Kalkaska is a small northern Michigan town (pop. 2,300) where the two franchised auto dealers are accustomed to delivering new cars out of inventory and taking in trades or off-lease units with few if any questions asked.
The Ford-Chrysler-Dodge-Jeep dealership is owned and managed by Dan McCormick, Sr. and Dan Jr.
All is going relatively well at the McCormick store, located on M-72 next to Voice Chevrolet-Buick-Pontiac. It stayed off the Chrysler termination list.
“Kalkaskans are incredibly loyal to the domestic brands” and particularly like light trucks, the elder McCormick says.
“But our inventories have been so reduced by the clunker program and the Chrysler bankruptcy that all we have left are 14 units: seven Ford F-series trucks, three Dodge Rams, one Ford Edge, one Jeep Commander and two Jeep Grand Cherokees.”
What irks McCormick is the fact that despite excitement generated by the clunker program, the miles per gallon requirements for new vehicles rule out higher-powered cars like the Chrysler 300, Dodge Charger, Ford Crown Victoria and Jeep Grand Cherokee and Commanders.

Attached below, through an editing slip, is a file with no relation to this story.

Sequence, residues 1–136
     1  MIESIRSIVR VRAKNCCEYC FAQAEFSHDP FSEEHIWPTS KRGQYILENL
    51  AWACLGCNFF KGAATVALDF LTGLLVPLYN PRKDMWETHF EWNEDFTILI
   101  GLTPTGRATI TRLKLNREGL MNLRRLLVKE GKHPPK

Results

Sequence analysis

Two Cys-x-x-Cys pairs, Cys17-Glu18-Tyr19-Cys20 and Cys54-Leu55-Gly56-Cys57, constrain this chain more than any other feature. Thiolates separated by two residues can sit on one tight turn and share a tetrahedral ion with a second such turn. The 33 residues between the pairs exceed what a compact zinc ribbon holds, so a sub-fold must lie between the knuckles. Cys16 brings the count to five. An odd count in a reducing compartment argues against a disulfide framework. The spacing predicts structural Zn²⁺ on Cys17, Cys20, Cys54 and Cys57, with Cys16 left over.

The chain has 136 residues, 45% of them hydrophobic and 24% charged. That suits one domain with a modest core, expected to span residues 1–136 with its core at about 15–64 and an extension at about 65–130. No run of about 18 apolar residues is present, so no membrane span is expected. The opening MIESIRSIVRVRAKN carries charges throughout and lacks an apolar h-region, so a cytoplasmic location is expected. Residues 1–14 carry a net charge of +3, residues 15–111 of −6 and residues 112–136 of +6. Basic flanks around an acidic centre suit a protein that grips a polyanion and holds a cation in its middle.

“They used the arbitrary 22 mpg figure for qualifying new cars,” he says. “But if they want to save on gas, they should have used 4-cyl., 6-cyl. or 8-cyl. — and let us have a shot at selling large or high-powered cars that the factories require us to stock to get more fuel-efficient models.”
McCormick also says the early enforcement of rules seemed to disqualify transactions where the new vehicles had to be ordered. “Chrysler (manufacturing) was shut down during most of its bankruptcy, and we're still short of their units,” he says. “Haven't the feds heard about sold orders and waiting periods?”
Yet, he likes the concept of federal rebates for such new-car deals.
“It created a lot of buzz up here,” he says. “Chrysler and GM showed bankruptcy isn't so terrible after all, and the feds paid their way back to solvency. They should keep the clunker rebate program forever.”